version with List and one with the third parameter???


Rolf wrote (2008-02-23 15:51):
> Hi Gregor
> Hmm... actually, I somewhat disagree (in this particular 
> circumstance). I have been thinking about this a bit more
> Here's the 'current' code behind the method (after I modified it 
> yesterday)...
>   public List<?> selectNodes(Object context) throws JDOMException {
>      try {
>         currentContext = context;
>         return xPath.selectNodes(context);
>      } catch (JaxenException ex1) {
>         throw new JDOMException("XPath error while evaluating \"" + 
> xPath.toString() + "\": " + ex1.getMessage(), ex1);
>      } finally {
>         currentContext = null;
>      }
>   }
> Here's the signature on the xPath method that is supplied by Jaxen:
> List <http://java.sun.com/j2se/1.4.2/docs/api/java/util/List.html> 
> *selectNodes*(Object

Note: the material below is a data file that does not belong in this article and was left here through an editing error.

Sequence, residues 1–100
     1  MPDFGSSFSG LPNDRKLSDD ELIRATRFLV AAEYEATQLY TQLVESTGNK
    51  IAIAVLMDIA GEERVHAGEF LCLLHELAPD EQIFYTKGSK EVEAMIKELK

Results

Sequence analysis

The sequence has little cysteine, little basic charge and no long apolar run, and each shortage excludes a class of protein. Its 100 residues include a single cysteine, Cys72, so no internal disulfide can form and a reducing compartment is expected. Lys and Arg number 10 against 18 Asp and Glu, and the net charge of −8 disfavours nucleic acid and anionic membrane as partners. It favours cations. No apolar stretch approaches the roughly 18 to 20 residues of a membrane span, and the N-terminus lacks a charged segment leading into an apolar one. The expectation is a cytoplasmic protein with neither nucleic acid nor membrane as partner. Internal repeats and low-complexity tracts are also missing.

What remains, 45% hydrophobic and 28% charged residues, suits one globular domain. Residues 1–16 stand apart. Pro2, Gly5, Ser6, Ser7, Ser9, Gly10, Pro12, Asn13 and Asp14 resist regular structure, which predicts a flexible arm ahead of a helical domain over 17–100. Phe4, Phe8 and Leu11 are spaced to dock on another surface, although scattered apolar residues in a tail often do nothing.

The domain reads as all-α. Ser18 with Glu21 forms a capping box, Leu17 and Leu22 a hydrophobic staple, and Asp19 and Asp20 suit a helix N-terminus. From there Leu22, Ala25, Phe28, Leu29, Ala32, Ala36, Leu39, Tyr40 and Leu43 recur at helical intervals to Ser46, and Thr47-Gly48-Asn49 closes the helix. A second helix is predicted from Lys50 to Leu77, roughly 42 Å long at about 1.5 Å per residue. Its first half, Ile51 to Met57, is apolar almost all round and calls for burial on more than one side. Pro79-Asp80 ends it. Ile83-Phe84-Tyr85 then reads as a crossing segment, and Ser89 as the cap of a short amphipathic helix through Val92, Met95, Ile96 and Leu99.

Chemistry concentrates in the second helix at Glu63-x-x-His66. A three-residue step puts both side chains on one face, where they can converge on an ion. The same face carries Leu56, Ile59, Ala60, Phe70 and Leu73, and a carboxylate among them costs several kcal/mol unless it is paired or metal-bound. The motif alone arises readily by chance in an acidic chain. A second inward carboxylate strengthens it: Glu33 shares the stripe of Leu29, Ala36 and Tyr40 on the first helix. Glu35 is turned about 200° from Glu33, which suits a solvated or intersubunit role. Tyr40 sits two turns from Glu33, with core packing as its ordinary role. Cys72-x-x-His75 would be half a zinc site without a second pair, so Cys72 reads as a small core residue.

> <http://java.sun.com/j2se/1.4.2/docs/api/java/lang/Object.html> 
> context) throws JaxenException 
> <http://jaxen.codehaus.org/apidocs/org/jaxen/JaxenException.html>
> Given that XPath can return all sorts of values (not all of them are 
> JDom Content (like Attribute which is not Content)), then we have a 
> real problem with this method.
> There is no way I can see (even by modifying Jaxen) to return a list 
> of any specific type other than Object. It would be real nice if an 
> xpath that returned just Elements would have a return type of 
> List<Element>, but that just isn't feasible.
> The next best thing is to return something appropriate, and that 
> should be the same as what Jaxen would return if it were Generified.
> Thus, the best thing would be to consider things from Jaxen's POV, and 
> let the 'client' sort it out.
> Since Jaxen does not know anything about the actual content in the 
> 'context' (it is all delegated to a JDom specific implementation), and